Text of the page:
“Most herds are down 2 -5 pounds per cow,” Emilee said.
Mark’s cows were averaging nearly 2.5 lbs. more than just two weeks earlier. That was especially impressive because he didn’t have many “fresh” cows, which produce a higher amount than say a cow nearing her dry-off period.
Dairy farmer Mark Sawyer and Nutritionist Emilee Robertson discuss the cows’ diet and performance.
“Your components are excellent,” Emilee said.
Components are the balance of protein and fat in milk. If butterfat is too high, the farmer is concerned that the cows are ketotic because the cows’ energy demands are exceeding their energy intake. The fat comes out in the milk.
If the fat is lower than the protein, then a cow can be acidotic, which can make her sick to her stomach, even causing hoof trouble because of an increase of blood flow to the hoof. This causes a growth spurt, which can then lead to abscess or ulcers.
As they talked about the cows’ performance, Mark told Emilee he had a surplus of haylage he had produced on his farm the previous summer. He hoped to work more into the cows’ diets. Emilee suggested that they might be able to add as much as 10 lbs. of haylage per cow to the cows’ total mixed ration (TMR) or daily meal plan.
Mark was happy, “That’s nearly 2,000 pounds. That’s a lot of haylage.”
When Emilee is preparing the meal plan for a farmer’s cows, she always takes into account the homegrown forage that is available. When a new bunker (where forages are stored after harvesting) is opened, she tests the forage every week until she gets a baseline reading. She then tests it every month.
She is looking for water content because when the weight of feed is determined. She only deals with dry matter. The water is discounted because the nutrition is not in the water. She is also looking for things like carbohydrates, protein, amino acids, fiber, and fat.
When she considers feed sources off the farm, she always starts locally. Gold Star buys as much cornmeal from Maine crop farms as possible. Barley is not a byproduct, but Gold Star is able to buy 100% from farms in Aroostook County.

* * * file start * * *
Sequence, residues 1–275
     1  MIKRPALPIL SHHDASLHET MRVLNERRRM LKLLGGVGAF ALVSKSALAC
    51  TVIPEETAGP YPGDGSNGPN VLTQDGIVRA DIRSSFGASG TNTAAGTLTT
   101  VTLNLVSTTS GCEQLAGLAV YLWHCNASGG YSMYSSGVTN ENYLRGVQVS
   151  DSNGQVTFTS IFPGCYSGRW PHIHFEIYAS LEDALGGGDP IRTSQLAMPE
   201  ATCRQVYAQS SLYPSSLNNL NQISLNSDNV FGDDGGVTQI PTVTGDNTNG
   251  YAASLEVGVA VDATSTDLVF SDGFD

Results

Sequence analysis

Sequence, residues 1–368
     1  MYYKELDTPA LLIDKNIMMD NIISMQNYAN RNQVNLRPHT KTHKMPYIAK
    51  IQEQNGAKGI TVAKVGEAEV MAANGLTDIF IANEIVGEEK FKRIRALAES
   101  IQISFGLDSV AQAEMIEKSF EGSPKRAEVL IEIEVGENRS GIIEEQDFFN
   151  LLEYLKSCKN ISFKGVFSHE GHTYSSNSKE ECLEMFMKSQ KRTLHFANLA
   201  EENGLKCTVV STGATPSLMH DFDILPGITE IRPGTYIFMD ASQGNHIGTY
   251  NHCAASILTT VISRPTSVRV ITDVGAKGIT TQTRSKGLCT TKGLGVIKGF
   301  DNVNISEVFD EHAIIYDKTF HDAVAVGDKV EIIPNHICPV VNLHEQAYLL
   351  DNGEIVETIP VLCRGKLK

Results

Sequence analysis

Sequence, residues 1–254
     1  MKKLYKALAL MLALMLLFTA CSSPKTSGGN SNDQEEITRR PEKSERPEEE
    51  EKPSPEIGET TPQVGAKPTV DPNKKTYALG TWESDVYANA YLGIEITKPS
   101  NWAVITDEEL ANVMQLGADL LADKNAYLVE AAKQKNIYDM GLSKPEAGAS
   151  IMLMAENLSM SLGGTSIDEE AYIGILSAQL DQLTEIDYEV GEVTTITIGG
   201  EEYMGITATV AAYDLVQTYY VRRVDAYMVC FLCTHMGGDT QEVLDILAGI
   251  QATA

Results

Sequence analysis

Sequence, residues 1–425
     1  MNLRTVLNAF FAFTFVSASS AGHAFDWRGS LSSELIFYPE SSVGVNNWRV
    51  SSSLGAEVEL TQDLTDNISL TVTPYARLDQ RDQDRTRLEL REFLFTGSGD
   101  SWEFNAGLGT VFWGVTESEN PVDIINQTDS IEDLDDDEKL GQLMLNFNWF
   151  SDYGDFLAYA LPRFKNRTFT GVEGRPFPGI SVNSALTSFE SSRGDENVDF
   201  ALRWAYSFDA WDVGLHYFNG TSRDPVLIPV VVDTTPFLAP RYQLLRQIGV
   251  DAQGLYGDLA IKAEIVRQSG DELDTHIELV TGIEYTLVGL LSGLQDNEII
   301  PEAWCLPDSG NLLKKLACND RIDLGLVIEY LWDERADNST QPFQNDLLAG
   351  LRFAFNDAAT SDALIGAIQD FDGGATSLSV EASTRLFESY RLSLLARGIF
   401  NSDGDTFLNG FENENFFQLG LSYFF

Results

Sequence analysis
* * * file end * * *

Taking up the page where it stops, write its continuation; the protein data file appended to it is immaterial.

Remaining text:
“It’s good for the state, the farmers, and us because the cost of trucking is so high,” Emilee said. “A cow’s diet and nutrition are under constant monitoring because a dairy cow is like an ultra-marathoner. They are running a marathon every day.”
A cow’s dietary needs are like something out of Women’s Health Magazine, focused on terms like energy, protein, carbohydrates, amino acids, and fatty acids. With new research, diet recommendations are also changing. Nutritionists now look to amino acids, the building blocks of protein, rather than high protein sources.
“The protein and energy need to match up. If she gets too much protein and not enough energy, she can’t digest it. She secretes it in her urine or milk.” Emilee said.
This means Emilee relies less on high-protein sources like soybean meal. She looks to maximize the nutritional benefit of forages. New knowledge about bovine nutrition has also led to farmers using less nitrogen and phosphorous in their fields.
A bovine’s nutrition is important from the day she is born. Calves need to receive colostrum quickly to build up their immune system. From there, their diet has to be monitored so they will grow at a healthy rate.
“We want them to grow tall and strong,” Emilee said.
The rest of her life is a balancing act, making sure she can support a calf growing inside of her while keeping herself in tip-top shape and producing nearly 10 gallons of milk a day after her first calf. A cow must have a calf before she can produce milk. At the Sawyer Farm, Mark also has several older cows, some as old as 13, which adds another consideration when planning a diet.
“Our goal is to keep that cow healthy, content, and producing milk,” Emilee said.